I think it’s really important to analyze the nature of my admiration for this group; at least, I want to be able to justify liking a group that seems like it ought to be so disconcerting. Here goes: Odd Future’s music is worthy of your listening for two important reasons. They validate the most trite problems that everyone goes through (parents, girls/boys, adolescence in general) by making these subjects operatic and exaggerated and grandiose, and they validate our worst, perverted thoughts by giving someone else (the rapper in question) such horrid thoughts who obviously is like us on a basic level (adolescence).
When the doors finally opened for the show, I rushed in and got as close to the stage as possible. After an hour-long DJ set from Syd (Odd Future’s lone female member, whose presence frustratingly complicates the violent misogyny of their lyrics), she queued up the opener, “Sandwitches” and Tyler and company rushed onto the stage. For the next hour-and-a-half the crowd was yelling, moshing, sweating, and reveling in the presence of such a strangely charismatic group.
The show was wonderfully reminiscent of a high school punk show where you know some people in the band and can sing all the words to their songs. Everything about the show was sloppy and energetic. Instead of rapping over the beats from their albums, the members would actually rap over the song. It was a sing—along to the song that was evidently playing off Syd’s laptop. Tyler and Hodgy Beats, another rapper in the group, spent a lot of time stage diving. After “Sandwitches,” Domo Genesis, the stoner-rapper of the group, played a set of material off his first album, “Rolling Papers.” Next came MellowHype, the duo of Hodgy Beats and Left Brain, whose latest album “BLACKENEDWHITE” has been Odd Future’s most acclaimed release after “BASTARD” and “EARL”. The audience knew more and more of the lyrics to sing along as the sets progressed. In the background, Tyler either joined in the lyrics or hunched over his BlackBerry, tweeting throughout the show.
Tyler’s twitter feed is notorious. It is the only twitter I follow, but I do so religiously. He tweets about how much he loves Justin Bieber and how rarely he wipes his ass. Recently he has been updating the world on his new friend Byrese. Byrese is a pigeon. The tweets about Byrese narrate his life, how he dances in the street or has a new car, and are linked to pictures of various pigeons in the street, by a new car, et cetera. The silliness and uncertain sarcasm (does he really like Da Biebz?) are accompanied by instances of weird empathy; Tyler tweets about how much he wishes he were 6’3”, or how he wants chest hair. Other tweets remind me of the fine line Tyler walks between sincerity and sarcasm. He sometimes mentions how he can’t wait to sell out and forget all his old friends. He says he wants to get a Grammy and a VMA.
Something that may not have been adequately articulated in this article so far is just how good Odd Future is. They make the best rap in the world right now. Their rhymes and beats are unique and interesting. They have an immediacy that no one else does. “BASTARD” and “EARL” were the best rap albums of last year, far better than Kanye’s putative masterstroke.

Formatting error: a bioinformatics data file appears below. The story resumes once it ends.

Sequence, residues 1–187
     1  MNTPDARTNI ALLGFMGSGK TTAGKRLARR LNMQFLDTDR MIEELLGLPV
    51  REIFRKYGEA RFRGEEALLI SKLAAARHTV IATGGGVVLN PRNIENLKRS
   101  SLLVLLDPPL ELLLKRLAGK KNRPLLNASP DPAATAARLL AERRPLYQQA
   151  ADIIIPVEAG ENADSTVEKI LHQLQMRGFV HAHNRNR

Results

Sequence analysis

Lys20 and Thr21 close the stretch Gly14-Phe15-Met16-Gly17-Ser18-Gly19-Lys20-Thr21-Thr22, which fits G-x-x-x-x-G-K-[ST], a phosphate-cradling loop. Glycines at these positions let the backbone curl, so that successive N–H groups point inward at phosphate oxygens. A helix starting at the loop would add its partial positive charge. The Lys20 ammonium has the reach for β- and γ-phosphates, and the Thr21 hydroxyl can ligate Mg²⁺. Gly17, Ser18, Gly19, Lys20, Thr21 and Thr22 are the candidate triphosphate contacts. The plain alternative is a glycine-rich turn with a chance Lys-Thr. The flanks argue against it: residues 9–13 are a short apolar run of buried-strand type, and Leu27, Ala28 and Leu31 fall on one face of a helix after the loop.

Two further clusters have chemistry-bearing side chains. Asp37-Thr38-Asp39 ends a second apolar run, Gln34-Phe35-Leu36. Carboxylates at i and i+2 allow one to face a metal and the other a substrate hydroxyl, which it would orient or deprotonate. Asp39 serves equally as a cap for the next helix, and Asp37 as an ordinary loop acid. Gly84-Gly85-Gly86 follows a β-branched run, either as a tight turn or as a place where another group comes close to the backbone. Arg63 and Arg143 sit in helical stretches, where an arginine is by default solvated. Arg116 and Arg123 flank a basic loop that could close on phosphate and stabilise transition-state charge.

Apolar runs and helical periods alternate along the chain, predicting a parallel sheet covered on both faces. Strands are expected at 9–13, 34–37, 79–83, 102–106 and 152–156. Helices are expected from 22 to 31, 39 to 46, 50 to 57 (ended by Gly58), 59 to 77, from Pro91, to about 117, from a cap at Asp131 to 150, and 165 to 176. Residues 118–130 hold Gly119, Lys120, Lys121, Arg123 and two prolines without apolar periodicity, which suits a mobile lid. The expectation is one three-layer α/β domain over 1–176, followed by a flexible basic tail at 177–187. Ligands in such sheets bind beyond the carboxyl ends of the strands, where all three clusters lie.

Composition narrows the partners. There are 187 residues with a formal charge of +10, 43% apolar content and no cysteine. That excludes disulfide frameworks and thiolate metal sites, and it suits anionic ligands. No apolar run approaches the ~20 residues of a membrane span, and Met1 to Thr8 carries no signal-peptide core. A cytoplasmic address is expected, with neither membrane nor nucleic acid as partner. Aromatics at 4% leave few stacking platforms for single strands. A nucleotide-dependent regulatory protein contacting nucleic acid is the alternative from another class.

Tyler’s set was the last of the night. Like everyone else, he rapped along with his songs as they played from the DJ’s laptop’s iTunes. A large constituency of the audience knew every word and could rap along with Tyler. Tyler taught the crowd the chorus of a new song from his forthcoming album. He was obviously pleased with his newest opus, whose chorus is a concise distillation of Odd Future’s worldview: “Kill People! Burn Shit! Fuck School!” Tyler’s was the set during which a mosh pit spontaneously formed, a fistfight broke out, and the bouncers threw out three people; one for stage diving and two for fighting. Tyler introduced a song off of his unreleased album by saying he wanted to use it to get on Bill O’Reilly and make white moms think he’s dangerous.
The only thing missing from the show was Earl. Earl has been missing for a while now. Rumors as to his whereabouts abound. Some think that, upon hearing the music he made, Earl’s grandmother sent him away to boarding school, or maybe military school. Regardless of the reasons, Earl is gone for now, but his presence was felt at the show; as one of the last three songs, Tyler and company, along with most of the audience, performed the first track from Earl’s album.
During the last song, a new track from Tyler’s upcoming album “GOBLIN,” Tyler jumped into the crowd and rapped amid the throng of people front and center. Jumping back onstage, he lost one of his shoes in the crowd. When the song was over the whole Odd Future crew took a last bow. Tyler came out front, in his socks, and grabbed the microphone. He sincerely thanked everyone in the crowd for their support of Odd Future, his gratitude punctuated by extreme profanity. Panting, sweating, and smiling, he said, “You can be anything you want to be!” and took a shoeless bow.